A bestselling crime novelist who is desperately looking for a new story hones his focus on the apparent suicide of a small-town woman, an aspiring model who thought she was the reincarnation of Marilyn Monroe.
When her husband is taken hostage by his striking employees, a trophy wife (Deneuve) takes the reins of the family business and proves to be a remarkably effective leader. Business and ... See full summary »
After a stint in a mental institution, former teacher Pat Solitano moves back in with his parents and tries to reconcile with his ex-wife. Things get more challenging when Pat meets Tiffany, a mysterious girl with problems of her own.
David O. Russell
Robert De Niro
As his lover announces her pregnancy, a fortysomething slacker receives other life-changing news: 142 people, all of them the result of artificial insemination, have filed a class action lawsuit against him, their biological father.
"Rousseau" is a Parisian bestselling crime novelist, working on a new novel but desperately looking for a good story. "Candice Lecoeur" is a young, attractive, and vibrant woman who thinks she is the reincarnation of Marilyn Monroe. But Candice is living far away from the city. Born in a remote area of France, she manages to become a model for the small cheese factory based in the area. She becomes a star; but only a local one. The two will meet but only after Candice has been found dead. Cause of death: suicide by sleeping pills. Rousseau is the only one who doesn't buy it and who wants to know the true cause of her death. In his search for the truth, he will be confronted with many difficulties: becoming a detective-novelist and getting respect from the locals, and going beyond what some people want to keep secret forever. Written by
The Helen Kane/Boop Boop a Doop connection is significant. An even more evident tie-in is that Marilyn sings this song in _Some Like It Hot_. See more »
The dates listed in the diary entries are consistently wrong. For example, November 20, 1999, was not a Tuesday (it was a Saturday), and October 13, 2001, was not a Thursday (it was also a Saturday.) See more »
A young female local celebrity dies in the "no man's land" of a small French town. David Rousseau (Jean-Paul Rouve), a bestselling crime novelist who happens to be in the area doesn't believe the reports that her death was a suicide, and so he begins his own investigation. He struggles with the police while learning that Martine Langevin's (Sophie Quinton) life wasn't as wonderful as everyone thought, or nearly as simple.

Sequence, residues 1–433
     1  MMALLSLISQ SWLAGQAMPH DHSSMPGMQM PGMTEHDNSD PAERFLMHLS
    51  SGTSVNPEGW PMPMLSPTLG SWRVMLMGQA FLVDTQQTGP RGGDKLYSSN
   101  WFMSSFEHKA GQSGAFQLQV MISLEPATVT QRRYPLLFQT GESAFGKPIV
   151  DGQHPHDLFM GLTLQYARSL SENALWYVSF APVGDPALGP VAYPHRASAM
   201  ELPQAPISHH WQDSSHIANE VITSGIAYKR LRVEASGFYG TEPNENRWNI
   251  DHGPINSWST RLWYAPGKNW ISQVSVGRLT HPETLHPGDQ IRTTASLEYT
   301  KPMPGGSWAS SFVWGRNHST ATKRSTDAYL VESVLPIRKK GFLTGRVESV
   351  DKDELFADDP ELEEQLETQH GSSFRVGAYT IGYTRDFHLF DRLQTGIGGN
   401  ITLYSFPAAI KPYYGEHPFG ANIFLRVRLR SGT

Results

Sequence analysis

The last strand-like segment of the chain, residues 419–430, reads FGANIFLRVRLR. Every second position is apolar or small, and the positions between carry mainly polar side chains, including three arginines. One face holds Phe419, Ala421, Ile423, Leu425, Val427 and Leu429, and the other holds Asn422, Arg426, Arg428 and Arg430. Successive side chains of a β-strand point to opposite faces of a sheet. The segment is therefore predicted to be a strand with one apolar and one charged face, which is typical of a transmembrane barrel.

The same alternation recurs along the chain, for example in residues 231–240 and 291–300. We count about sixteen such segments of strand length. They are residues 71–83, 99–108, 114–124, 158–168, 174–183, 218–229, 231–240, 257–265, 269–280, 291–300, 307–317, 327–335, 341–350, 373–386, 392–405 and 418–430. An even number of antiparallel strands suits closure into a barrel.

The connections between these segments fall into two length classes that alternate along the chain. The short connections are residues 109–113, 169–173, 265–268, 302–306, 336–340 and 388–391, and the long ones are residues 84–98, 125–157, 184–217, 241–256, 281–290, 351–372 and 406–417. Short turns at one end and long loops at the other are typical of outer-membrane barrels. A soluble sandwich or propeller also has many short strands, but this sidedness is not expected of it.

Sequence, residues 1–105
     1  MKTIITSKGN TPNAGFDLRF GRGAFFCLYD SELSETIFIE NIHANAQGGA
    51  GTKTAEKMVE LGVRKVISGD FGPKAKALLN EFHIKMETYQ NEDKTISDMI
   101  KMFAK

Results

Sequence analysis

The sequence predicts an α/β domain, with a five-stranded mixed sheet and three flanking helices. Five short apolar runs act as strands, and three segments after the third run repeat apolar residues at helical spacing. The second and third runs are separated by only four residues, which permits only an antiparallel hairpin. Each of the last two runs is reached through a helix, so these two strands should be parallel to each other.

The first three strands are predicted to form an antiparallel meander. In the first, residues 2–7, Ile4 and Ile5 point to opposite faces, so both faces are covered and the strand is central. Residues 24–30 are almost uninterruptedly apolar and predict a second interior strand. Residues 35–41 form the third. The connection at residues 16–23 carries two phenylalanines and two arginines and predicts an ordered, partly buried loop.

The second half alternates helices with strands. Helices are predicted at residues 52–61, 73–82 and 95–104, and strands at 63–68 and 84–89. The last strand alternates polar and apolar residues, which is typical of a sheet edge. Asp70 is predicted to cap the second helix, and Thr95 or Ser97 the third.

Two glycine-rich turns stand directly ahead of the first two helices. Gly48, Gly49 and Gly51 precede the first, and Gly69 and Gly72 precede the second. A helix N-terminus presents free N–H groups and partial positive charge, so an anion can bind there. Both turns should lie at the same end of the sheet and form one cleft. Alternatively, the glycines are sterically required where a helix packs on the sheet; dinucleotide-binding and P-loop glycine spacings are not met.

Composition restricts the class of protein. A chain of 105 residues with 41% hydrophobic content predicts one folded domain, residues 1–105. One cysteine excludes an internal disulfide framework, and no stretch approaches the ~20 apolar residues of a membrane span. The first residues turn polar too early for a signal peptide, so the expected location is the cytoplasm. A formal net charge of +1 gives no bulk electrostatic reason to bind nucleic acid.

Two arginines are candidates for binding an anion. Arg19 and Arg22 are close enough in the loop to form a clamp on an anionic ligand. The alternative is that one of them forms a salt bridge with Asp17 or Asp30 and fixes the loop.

Nobody Else But You starts off in a familiar place and unfortunately it doesn't ever move far away from there. As Rousseau unravels the life of Langevin he discovers a strange obsession she had with Marilyn Monroe that extends beyond simple admiration, but that one strand alone isn't enough to really make Gerald Hustache-Mathieu's film stand out. It certainly doesn't help that Hustache-Mathieu never seems to be able to find a square footing in terms of the tone that he is hoping to achieve here.
There's a constant blend of dark humor and more serious thriller elements, but they never mesh well together and so the comedic moments don't sell as well as they could and there's never the slightest amount of dramatic tension. I think my biggest problem here was just a straight lack of interest on any front. The characters were too flat to work, there's a flashback structure detailing Langevin's life through her diaries which is interesting at first as we see her narrating from beyond the grave but is abandoned relatively quickly in favor of a more traditional presentation that doesn't work nearly as well and on top of it all I can't say I ever really cared about figuring out what happened to her.
Hustache-Mathieu is clearly influenced by David Lynch and the Coen brothers here, with the setting and tone he's aiming for being an obvious attempt at mixing Twin Peaks with Fargo, but he doesn't have the skill to pull off any of it on his own footing. Nobody Else But You is so rooted in its adoration and many references to American culture, from the Monroe aspect and those influences to the constant statement that Rousseau wants to be like James Ellroy, that Hustache-Mathieu is never able to give his film its own identity.
The film doesn't stand out at all because it doesn't seem to even know what it is. You get a clear idea of what it wants to be, but it feels like the writer/director was more focused on trying to be all of those things instead of letting his work naturally become itself. A major disappointment.
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